Specialist commentator comments
Two specialist commentators were concerned about the length of time it takes for the Woundchek Protease Status test to give results. At 15 minutes this is longer than the 10 minute appointment time that practice nurses have to see patients. It was also noted that precision is needed in timing the tests to avoid false positive results, and that this precision is not always feasible in a clinic setting.
One specialist said that this test could be beneficial to wound care nurses who have the expertise to assess wounds and use the results of the elevated protease activity (EPA) test to develop a care plan. Two of the specialist commentators had been asked to do evaluations of the Woundchek protease status kit. One had concluded that the test was too costly because each wound care nurse would need to have the test kit and control kit, at a total cost of £45, although it should be noted that the control kit would be used for local quality control purposes and would not need to be used at each Woundchek test. The other specialist tried the test on around 20 patients, but found the kit complex to use and the need for precise timings made it impractical. One commentator noted that multiple matrix metalloproteases (MMPs) are involved in wound healing and it is unclear if the test is specific to certain MMPs or a broader range.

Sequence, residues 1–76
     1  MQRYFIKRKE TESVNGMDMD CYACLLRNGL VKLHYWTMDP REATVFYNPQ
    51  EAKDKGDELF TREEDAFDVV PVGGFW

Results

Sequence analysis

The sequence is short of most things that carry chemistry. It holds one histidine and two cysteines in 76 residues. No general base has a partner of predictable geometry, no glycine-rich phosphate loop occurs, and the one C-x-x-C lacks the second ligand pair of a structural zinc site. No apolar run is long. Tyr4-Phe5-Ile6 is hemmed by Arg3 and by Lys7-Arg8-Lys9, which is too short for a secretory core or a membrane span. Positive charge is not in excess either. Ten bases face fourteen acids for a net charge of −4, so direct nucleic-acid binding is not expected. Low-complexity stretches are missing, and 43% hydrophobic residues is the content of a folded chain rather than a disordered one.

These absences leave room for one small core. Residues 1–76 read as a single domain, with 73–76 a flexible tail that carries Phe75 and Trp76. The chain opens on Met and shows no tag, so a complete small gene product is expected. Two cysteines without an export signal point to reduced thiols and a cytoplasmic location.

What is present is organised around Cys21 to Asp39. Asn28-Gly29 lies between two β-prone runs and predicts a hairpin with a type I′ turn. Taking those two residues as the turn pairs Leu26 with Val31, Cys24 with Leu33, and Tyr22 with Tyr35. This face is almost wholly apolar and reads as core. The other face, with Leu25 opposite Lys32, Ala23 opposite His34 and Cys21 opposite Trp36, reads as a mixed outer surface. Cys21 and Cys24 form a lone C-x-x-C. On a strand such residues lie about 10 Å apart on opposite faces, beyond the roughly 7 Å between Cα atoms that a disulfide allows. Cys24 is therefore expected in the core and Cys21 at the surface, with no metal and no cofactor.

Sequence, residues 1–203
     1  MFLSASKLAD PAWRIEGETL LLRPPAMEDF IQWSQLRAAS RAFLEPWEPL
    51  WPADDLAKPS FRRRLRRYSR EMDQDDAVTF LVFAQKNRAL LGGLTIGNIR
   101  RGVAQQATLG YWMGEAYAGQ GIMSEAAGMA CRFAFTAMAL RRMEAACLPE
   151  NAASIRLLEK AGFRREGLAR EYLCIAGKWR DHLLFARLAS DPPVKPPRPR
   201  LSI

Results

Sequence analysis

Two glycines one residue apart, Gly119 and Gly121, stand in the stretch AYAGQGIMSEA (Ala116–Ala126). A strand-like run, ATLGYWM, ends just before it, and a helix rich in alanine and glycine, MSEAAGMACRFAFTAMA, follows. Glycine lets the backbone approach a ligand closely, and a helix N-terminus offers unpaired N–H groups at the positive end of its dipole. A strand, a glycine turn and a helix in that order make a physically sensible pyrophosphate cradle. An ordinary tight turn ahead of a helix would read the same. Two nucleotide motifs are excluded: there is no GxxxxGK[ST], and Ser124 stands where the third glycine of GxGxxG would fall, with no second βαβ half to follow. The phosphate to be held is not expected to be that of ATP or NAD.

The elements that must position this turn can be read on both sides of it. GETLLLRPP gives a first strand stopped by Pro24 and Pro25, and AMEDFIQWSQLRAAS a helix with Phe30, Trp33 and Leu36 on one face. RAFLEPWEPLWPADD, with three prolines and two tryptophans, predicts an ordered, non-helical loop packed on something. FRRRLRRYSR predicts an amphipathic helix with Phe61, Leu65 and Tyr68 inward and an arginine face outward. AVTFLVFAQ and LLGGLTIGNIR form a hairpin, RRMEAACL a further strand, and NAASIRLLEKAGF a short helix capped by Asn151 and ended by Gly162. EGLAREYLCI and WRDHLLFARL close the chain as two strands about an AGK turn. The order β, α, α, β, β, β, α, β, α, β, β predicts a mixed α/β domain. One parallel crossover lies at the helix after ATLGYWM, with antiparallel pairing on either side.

It was noted by one specialist that protease modulating dressings may still be used in the event of a negative EPA result, because some of these dressings tend to be highly absorbent. They felt that further guidance would be needed around which patients should be tested and whether testing should be repeated for non-healing wounds.
One specialist concluded that experienced wound care nurses use their clinical knowledge and experience to assess wounds and provide the best dressings, and that in their experience, most wounds heal regardless of EPA testing. They noted that many chronic wounds are seen by general nurses in primary care, who might not understand the role of proteases in chronic wounds so may still prescribe inappropriate dressings regardless of this test.